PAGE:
Meadows & Country Park

I’ve found out a little more about the Meadows; it would appear that a care home operator has acquired the site. The conclusion I draw is the obvious one; they intend on building a care home.

I’ve no idea why the path across the new country park hasn’t been done yet. I was assured it was going to have started by the end of May. I have sought an answer.

Control of the country park hasn’t yet been vested in WBC and at this stage, they are thinking of what to call it. I think the working title is Brookwood Farm Country Park. On the basis that the Brookwood Farm housing estate isn’t in Brookwood or Heathlands and the country park is, I think the name is inappropriate. Brookwood Country Park (the obvious choice) is already used in Knaphill on the other side of the A322, so that is ruled out.

WBC have asked the Brookwood and Bridley Neighbourhood Forum for some ideas. To that end, at the Brookwood School Fayre next Saturday, representatives of the BBNF will be on hand with a couple of surveys, one of which is asking for possible names and gauging popularity of various potential  names. Pop along and give your view.



The Meadows and the Wessons Site

The Meadows is the old NHS building between the Esso garage and The Nags Head. It’s been unused for about three years. It’s become an urban exploring site for some, a hang out for others, a place to rob the copper piping of, and a site to vandalise for no reason by the unscrupulous.

I have, in the past, asked WBC if there was any chance it could be acquired and turned into key worker accommodation or flats for young people to rent. It’s finally been acquired and the boarding has been put up in preparation for development.

What I do know is that WBC haven’t acquired the site, and so I don’t have a clue who has bought it or what they intend on doing with it. We shall have to wait and see what sort of planning application comes forward.

Incidentally, it is officially in the Knaphill ward and not Heathlands so I don’t have much, if any influence. It used to be in the old Brookwood ward and is not in the Brookwood and Bridley Neighbourhood Area.

Some of you will remember the controversy around the Wessons site about three years ago.  As I’m sure many of you will be aware, the former Wessons site has been a blot on the village for many years. It was the most contaminated site in Woking Borough and the pollution it created was deadly to wildlife and a significant inconvenience and health hazard to nearby residents. A developer came forward with a proposal to remediate it but there was a penalty the village would need to accept.

People have been concerned about the height of the development and that it is too high. I look at it, and can see why people think that, especially when viewed from Sheets Heath Lane. What I’ve done is ask the Planning Enforcement team to check the development is following the agreed plans, which I can confirm they are. I’ve also looked into whether the contamination problem has been resolved.

For those of you unaware of the issues caused by the site, during the lifetime of the yard, creosote had been allowed to seep into the ground. This in turn entered the groundwater which caused localised environmental damage.

Due to the heavy clay soil conditions, and the length of time that the contamination had taken place, remediation of the ground would be difficult. However, by taking a pioneering approach to the remediation, a solution was found. This involved mixing the contaminated soil with a binding agent that would ‘lock in’ the contaminants which created an impermeable barrier that has stopped any further leakage into the watercourse.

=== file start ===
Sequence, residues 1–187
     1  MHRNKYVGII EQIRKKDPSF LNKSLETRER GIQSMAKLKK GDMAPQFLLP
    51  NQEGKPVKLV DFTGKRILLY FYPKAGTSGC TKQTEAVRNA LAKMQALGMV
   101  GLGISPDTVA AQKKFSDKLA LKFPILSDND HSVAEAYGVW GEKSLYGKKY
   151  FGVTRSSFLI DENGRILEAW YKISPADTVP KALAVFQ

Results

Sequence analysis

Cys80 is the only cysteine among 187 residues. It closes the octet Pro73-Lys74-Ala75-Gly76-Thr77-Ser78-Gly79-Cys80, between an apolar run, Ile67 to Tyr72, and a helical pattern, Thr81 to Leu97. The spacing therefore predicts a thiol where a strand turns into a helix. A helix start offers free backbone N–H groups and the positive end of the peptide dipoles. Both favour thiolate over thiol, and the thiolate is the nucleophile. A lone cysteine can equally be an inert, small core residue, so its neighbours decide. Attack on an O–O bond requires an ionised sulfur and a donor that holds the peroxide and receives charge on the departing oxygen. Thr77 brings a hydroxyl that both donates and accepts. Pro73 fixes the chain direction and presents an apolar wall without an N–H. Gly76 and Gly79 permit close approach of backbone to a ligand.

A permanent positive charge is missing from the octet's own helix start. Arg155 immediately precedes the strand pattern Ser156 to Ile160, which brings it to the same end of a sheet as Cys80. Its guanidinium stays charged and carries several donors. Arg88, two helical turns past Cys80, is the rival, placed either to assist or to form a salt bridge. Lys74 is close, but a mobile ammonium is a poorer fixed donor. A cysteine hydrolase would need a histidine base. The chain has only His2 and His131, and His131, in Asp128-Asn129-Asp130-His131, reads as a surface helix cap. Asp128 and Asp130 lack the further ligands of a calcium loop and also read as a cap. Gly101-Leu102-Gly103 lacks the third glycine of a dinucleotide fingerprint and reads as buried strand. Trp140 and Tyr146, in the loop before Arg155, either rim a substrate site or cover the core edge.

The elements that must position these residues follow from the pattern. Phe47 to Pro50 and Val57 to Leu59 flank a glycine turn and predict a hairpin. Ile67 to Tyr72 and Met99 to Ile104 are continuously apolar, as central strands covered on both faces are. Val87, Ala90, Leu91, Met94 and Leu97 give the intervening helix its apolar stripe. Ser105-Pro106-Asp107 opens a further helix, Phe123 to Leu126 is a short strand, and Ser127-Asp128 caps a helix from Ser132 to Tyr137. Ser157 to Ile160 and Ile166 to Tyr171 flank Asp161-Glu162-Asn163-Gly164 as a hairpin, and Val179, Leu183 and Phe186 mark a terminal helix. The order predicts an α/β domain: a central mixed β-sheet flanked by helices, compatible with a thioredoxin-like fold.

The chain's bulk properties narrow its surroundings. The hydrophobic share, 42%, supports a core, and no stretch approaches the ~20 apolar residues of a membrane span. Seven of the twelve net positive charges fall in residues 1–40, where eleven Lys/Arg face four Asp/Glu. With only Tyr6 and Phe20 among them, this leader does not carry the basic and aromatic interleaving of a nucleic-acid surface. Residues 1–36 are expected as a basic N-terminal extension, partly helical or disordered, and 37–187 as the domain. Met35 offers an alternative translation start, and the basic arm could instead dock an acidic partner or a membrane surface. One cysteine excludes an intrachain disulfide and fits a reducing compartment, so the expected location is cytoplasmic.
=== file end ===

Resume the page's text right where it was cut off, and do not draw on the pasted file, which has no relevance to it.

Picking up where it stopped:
Since remediation of the land, the Council has not received any reports of contamination. Tests has shown that it is not leaching out and the subsurface has been used as part of the foundation for the new building.

Following the successful remediation of the Wessons site, this process has been used across the country, ensuring historic contamination issues don’t continue to pose a risk to local residents and the wider environment; nor blight the future use and sale of the land. I find this quite satisfying, knowing the process was first used in Brookwood.



Coblands Site

I’ve been appraised of what officers think makes the Coblands site viable, given the improvements I wish to see to the crossroads, and the opportunity to implement a local first policy on the properties. The three most important issues that residents have communicated to me over the past few years are physical restrictions on the size of the Traveller site, improvements to Brookwood Crossroads, and houses for local people. This development would not get my support unless I could go back to residents and say we’ve achieved those aims.

The draft site plan which I believe will be submitted as a planning application is for 126 houses / apartments. This is fewer than the 140 I was originally told it might need to be which means the lobbying I’ve done has had a positive effect. The bulk of these properties have 2 bedrooms, a significant number have 1 bedroom, about six with 3 bedrooms and three with 4 bedrooms. 60% of the 126 will have a local first policy which is good news for young people in Brookwood or those with a strong connection to Brookwood, together with anyone that wishes to free up their much larger property by downsizing. This local first policy is one I hope to see properly developed and rolled out across the borough.

I’m going to outline what I think people will be concerned about and what I’ve done to try and mitigate those problems.